What might seem like just a needle picking up beads is so much more. There is a plethora of information that follows with it. I’m grateful that exhibits like the one at the GALT can teach both Indigenous and non-Indigenous people the significance of beadwork and the cultural knowledge that follows with it.
When COVID hit, Kalli Eagle Speaker (BASc ‘21) spent hours in her living room, carefully picking up beads with her needle, transforming each individual bead into beautiful patterns on cloth. In a stressful and unprecedented time, for Kalli, beadwork is a destressing tool, a way of honouring her heritage and connecting with family. Kalli is an old-style jingle dress dancer, currently in the process of making herself a new set of beading to wear, letting her good energy flow into her steady hands and releasing the fear and sadness that the pandemic brought. As the pandemic ends, her ‘anxious beading’ has turned into a beautiful project.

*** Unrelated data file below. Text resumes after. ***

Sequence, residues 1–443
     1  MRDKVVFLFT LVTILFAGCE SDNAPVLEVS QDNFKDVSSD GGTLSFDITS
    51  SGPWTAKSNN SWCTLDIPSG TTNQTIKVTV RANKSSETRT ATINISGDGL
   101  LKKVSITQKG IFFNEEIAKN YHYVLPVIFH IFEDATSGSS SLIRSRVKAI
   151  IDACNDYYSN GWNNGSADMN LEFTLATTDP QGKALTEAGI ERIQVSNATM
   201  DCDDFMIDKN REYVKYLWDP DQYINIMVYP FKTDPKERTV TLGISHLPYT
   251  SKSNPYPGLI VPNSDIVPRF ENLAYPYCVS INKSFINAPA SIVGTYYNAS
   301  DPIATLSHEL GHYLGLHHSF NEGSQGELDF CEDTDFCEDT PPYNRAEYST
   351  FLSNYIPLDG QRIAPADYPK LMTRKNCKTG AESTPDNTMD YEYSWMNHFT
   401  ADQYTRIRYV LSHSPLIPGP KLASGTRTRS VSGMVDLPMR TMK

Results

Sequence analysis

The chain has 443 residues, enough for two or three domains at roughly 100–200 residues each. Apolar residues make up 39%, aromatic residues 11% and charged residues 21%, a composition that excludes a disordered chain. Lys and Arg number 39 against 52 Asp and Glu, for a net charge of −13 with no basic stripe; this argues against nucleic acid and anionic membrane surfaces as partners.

“I learned at a very young age how to bead, and I’m very fortunate that my sister and mom have been able to teach me. From the many stories I’ve been told, my great-grandmother farmed, sewed, and crafted. She was an entrepreneur. Unfortunately, my mom was in that age range where her parents went to residential school, so there was a massive gap in cultural ways of knowing. But my mom was determined to gain that lost knowledge and to ensure my sister and I were knowledgeable,” Kalli explains. Her older sister picked up beading quickly and was able to teach Kalli, and the sisters learned together. “There’s a difference between doing the craft and learning the history behind it. Even to this day, we are still learning traditional designs, colours, family and ceremonial designs,” she adds.